It’s surely been a turbulent couple of years for Docker, the open source containerization company that launched in 2013, but it seems to have found its financial footing again. Today, it announced that over the last fiscal year, annual recurring revenue (ARR) has jumped 4x to over $50 million.
That’s quite a comeback for a company that faced great turmoil starting in 2019, when then-CEO Steve Singh stepped down and was replaced briefly by Rob Bearden. Shortly thereafter, it sold its enterprise business, its primary source of revenue, before eventually promoting longtime exec Scott Johnston to CEO.
At that time, it also took on new funding going back almost to square one, actually taking on the investment as a Series A company. It simultaneously implemented a new developer-centered strategy while dropping from 400 employees down to just 60. A few months later, the first wave of the pandemic hit. It was not an easy time, according to Johnston, who had to steer the company through this instability.
“November 2019 was a time [fraught] with risk and uncertainty but we believed in the tailwinds of the market, we believed in the developers’ love of our product, and that we could come together as a team, focus on the developer, deliver great products and build a legitimate business,” Johnston told me.
Docker had a couple of things going for it, even with that uncertainty. It had widespread brand recognition among developers and was synonymous with containerization, a way to package and deliver software as individual services in the cloud, rather than one monolithic application.
It also has a bunch of open source pieces that can act as the top of the funnel for eventual sales activity, with the goal of turning some of the users of the free products into paying customers. That appears to have happened with increasing frequency over the last year, judging from the company’s ARR growth over that period.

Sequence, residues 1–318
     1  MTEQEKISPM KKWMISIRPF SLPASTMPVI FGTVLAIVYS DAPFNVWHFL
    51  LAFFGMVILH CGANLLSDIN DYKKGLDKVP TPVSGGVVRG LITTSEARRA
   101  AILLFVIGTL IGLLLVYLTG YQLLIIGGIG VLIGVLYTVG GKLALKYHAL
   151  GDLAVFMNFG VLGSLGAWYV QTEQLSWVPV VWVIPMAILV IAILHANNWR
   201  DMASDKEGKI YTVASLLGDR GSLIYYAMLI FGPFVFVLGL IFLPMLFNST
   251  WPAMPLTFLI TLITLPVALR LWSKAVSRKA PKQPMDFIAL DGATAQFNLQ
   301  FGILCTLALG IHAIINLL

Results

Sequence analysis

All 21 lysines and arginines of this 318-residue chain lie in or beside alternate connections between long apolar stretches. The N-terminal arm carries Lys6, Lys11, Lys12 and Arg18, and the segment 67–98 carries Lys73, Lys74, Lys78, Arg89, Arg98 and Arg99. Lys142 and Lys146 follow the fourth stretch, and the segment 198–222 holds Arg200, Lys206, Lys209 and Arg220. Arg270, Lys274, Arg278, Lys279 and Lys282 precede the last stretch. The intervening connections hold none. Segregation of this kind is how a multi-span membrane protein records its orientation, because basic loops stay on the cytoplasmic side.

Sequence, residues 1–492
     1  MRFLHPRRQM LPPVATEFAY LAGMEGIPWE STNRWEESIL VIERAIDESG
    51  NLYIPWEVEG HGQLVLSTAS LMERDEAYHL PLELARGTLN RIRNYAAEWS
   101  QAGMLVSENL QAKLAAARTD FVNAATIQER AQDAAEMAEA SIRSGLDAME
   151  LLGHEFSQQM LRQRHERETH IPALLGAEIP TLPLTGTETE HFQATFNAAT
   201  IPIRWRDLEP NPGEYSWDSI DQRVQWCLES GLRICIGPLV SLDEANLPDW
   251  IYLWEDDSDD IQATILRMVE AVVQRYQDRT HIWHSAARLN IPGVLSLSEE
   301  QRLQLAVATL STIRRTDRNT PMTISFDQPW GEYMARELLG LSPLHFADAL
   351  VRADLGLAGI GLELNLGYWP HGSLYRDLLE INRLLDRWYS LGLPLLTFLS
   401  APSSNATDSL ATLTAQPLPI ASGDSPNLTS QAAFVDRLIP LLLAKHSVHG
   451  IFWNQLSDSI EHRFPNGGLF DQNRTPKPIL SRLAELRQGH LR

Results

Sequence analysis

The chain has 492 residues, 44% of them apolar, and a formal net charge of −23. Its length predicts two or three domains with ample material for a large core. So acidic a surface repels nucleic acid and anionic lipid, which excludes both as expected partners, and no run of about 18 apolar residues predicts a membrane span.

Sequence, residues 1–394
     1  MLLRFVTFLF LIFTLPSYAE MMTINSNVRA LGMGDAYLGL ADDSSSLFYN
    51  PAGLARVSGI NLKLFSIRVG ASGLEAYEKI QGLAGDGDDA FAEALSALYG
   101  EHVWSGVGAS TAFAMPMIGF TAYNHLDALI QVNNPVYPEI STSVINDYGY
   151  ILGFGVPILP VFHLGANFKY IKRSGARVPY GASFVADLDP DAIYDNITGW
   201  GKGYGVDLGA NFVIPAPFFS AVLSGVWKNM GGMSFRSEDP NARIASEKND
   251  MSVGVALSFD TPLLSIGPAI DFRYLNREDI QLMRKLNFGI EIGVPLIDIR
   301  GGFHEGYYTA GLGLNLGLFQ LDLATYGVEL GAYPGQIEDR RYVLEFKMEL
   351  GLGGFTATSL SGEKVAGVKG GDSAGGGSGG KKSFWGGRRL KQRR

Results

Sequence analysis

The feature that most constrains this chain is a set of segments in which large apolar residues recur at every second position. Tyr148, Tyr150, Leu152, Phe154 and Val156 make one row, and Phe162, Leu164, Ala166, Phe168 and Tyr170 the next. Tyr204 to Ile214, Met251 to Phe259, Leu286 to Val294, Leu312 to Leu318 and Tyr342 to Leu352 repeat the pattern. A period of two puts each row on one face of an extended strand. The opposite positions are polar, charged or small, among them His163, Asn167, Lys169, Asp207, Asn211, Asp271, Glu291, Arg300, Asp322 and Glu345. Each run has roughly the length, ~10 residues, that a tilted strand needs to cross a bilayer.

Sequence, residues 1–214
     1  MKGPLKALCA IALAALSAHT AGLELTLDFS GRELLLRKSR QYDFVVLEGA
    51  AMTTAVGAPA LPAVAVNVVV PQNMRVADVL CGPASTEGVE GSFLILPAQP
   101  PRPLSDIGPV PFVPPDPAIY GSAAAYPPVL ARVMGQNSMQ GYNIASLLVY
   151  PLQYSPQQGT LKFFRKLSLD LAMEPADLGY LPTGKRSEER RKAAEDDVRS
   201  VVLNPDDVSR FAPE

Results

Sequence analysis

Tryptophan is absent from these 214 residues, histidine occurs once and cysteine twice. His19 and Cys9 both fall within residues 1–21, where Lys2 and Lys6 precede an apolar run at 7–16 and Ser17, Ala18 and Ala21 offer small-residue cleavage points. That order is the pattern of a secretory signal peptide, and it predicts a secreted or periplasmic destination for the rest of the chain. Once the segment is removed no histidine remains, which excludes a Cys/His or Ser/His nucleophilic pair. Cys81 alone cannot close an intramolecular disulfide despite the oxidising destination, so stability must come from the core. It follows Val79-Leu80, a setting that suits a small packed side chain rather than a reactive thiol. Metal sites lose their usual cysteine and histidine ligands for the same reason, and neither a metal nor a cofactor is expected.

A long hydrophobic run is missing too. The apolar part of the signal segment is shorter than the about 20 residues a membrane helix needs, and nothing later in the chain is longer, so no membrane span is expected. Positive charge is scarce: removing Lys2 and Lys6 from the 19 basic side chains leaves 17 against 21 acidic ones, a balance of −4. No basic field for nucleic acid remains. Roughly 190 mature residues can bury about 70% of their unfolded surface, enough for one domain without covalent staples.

The goal in the early days of the restructuring was to capture that developer momentum around the brand and deliver them the free open source products, then expand into the paid products over time for a certain percentage of them. This was a very different approach from what they took when they were selling Docker Enterprise and were generally selling to IT, rather than developers or their managers.
That product-led growth approach worked from a commercial perspective when the managers began buying related commercial tools. “So when the developer has a great experience using the free product, and as they and their organizations scale their use of the products, then there’s features that managers value that they are willing to pay for.”
He added, “What you’re seeing with the financial performance that we described in our blog post that’s driven purely from those large organizations that realize these productivity benefits … and are willing to pay for the management security tools to enable organization-wide adoption.”
Docker was founded in 2013 before restructuring in 2019. At the time it sold its enterprise business to Mirantis, the company took on a $35 million Series A investment from Benchmark Capital and Insight Partners. They also nabbed a $23 million Series B last March.
At the time of the restructuring, I wrote: “Whether this approach can work is still unclear, but Johnston sees this as the way forward. Time will tell if the strategy is successful or not.”
With over $50 million in ARR, the jury may still be out, but it’s certainly headed in the right direction with results I reckon most investors would be happy with. Now they have to continue building on this momentum.